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La poste en Alsace en 1940 - 1945

"The post in Alsace in 1940-1945"
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France and UK declared war on Germany on September 3, 1939. After eight months of "phony war", the Germans broke through the Ardennes on May 10, 1940 and entered Paris victoriously on June 14, 1940. On June 17, German troops entered Colmar and Metz, on June 18 Mulhouse and on June 20 Strasbourg. The clauses of the armistice signed on June 22, 1940 in Rethondes came into effect on June 25. The Franco-German border was moved to its former location of 1871 and, from July 24, a detachment of German customs officers was deployed there. Senior German officials were named to head all the administrations and German district heads were appointed from the beginning of the occupation. On August 8, 1940, the Gauleiters Wagner and Burckel were installed in Alsace and Lorraine and, the next day, Hitler decided to annex Alsace-Lorraine to the Reich.

As soon as the German troops entered Alsace and Moselle, the French post office ceased its activity but post offices quickly reopened and the postal traffic was re-established from June 18th. The reopenings were particularly numerous on July 1st and August 1st. On August 15, 1940, the Alsace post office was incorporated into the Deutsche Reichspost and German stamps bearing the effigy of Marshal Hindenburg overprinted "Elsass" replaced the French stamps. As all the offices were not regularly supplied, the French stamps remained valid on August 15, 16 and 17, 1940 in Alsace. Because of this and for three days only, mixed frankings composed of German and French stamps were authorized.

The post offices were initially provided with temporary German rubber stamps. However, the supply was only gradually increased and the French postmarks remained in use for some time although the largest post offices were equipped very early on with definitive date stamps. Illustrated postmarks appeared in a number of tourist destinations and others were used for Nazi propaganda at various events. The railway post (RPO) was also re-established in August 1940, but the definitive railways postmarks did not appear until October 1, 1941.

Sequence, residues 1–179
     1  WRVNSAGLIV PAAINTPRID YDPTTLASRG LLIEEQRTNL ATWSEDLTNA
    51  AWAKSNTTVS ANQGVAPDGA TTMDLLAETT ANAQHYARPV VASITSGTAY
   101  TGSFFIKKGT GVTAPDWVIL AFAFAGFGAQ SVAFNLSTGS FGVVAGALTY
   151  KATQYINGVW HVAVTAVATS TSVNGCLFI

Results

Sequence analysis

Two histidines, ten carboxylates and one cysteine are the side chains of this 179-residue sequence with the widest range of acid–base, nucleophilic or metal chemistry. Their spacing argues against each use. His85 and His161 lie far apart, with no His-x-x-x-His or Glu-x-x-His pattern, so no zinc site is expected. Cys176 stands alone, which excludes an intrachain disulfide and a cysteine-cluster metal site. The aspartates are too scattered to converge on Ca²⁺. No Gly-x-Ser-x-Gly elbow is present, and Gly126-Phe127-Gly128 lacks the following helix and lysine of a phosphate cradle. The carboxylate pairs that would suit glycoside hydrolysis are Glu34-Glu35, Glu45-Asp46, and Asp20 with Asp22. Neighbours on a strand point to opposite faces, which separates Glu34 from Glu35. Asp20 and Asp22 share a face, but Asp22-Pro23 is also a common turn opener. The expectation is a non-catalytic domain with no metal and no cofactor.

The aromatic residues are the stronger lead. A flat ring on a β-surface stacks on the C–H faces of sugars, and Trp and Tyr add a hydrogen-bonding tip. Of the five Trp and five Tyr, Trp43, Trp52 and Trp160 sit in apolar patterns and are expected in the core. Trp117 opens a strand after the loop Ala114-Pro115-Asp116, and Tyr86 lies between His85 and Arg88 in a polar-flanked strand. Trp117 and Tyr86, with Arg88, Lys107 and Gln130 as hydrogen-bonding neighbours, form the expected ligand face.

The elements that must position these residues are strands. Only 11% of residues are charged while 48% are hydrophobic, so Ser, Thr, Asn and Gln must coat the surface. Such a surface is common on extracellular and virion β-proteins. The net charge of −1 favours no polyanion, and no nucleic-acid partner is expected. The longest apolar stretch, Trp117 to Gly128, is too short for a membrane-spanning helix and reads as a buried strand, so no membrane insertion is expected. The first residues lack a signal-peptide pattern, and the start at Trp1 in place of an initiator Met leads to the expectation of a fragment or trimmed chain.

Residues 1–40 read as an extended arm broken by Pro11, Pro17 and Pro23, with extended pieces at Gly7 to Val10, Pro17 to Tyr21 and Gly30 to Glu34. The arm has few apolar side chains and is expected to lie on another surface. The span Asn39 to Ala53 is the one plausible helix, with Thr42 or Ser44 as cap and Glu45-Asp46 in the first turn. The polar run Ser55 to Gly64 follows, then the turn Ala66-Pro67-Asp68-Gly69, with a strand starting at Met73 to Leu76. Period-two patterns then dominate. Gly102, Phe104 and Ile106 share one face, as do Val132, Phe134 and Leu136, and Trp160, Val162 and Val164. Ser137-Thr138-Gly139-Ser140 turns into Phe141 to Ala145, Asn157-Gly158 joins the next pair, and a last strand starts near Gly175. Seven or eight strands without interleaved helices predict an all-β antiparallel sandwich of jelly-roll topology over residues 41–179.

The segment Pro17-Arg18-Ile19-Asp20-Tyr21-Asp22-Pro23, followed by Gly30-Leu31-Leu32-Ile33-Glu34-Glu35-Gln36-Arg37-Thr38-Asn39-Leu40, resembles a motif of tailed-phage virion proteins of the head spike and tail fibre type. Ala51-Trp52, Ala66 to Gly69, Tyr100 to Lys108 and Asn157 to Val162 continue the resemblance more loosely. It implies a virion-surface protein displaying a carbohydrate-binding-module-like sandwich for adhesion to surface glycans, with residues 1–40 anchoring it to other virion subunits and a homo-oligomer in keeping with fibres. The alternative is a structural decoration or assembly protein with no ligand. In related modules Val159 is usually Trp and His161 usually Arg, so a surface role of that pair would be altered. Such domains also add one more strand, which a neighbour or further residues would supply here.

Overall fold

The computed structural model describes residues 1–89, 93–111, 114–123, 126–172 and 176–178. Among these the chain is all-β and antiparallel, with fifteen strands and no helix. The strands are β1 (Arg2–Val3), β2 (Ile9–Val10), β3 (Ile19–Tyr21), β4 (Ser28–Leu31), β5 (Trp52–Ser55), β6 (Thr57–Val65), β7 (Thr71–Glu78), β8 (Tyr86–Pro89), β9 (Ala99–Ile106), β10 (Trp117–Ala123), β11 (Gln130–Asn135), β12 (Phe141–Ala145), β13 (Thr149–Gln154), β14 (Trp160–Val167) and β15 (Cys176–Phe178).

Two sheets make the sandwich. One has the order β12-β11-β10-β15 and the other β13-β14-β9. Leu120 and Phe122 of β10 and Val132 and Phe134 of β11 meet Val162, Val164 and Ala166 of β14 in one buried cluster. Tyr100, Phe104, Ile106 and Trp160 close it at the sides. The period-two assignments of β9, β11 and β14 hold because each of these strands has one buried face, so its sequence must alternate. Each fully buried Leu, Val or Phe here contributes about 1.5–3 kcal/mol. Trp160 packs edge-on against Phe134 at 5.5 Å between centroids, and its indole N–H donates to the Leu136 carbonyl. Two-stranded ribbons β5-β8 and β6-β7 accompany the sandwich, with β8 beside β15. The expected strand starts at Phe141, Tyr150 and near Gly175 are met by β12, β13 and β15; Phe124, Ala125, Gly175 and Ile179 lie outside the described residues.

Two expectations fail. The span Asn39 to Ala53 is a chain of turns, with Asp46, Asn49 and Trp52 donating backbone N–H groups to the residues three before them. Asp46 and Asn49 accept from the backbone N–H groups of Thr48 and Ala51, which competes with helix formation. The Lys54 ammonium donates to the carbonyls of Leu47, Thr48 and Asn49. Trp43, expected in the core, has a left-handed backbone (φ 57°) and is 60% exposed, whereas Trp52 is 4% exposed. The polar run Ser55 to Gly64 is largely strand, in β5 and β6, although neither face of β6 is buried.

The obsessive francophobia of invaders led to an accelerated germanization of the territory. At first, the french name of localities was replaced by a German name. Gauleiter Wagner declared in a speech given in Ribeauvillé: "And in this German Alsace, only German will be spoken. There will be no half measures".

With the continuation of the war and the enormous losses suffered on the Eastern Front, the Germans decided to draft people in the annexed countries. A terrible tragedy befell Alsace and Lorraine: 140,000 young people from Alsace and Moselle could not avoid being drafted into the Wehrmacht. They became the "Malgré-Nous". On August 25, 1942, the classes 40 to 44 were mobilized, then all the classes drafted by force up to the men born in 1907. All these men were sent to the Eastern Front where tens of thousands of them died. Among the survivors, a great number will know the hell of the Soviet prison camps in particular Tambow where approximately 6.500 disappeared forever.

All these events have left an indelible mark on Alsatian philately and marcophily of that time. This book remains an indispensable reference for those who are interested in the postal history of this period.

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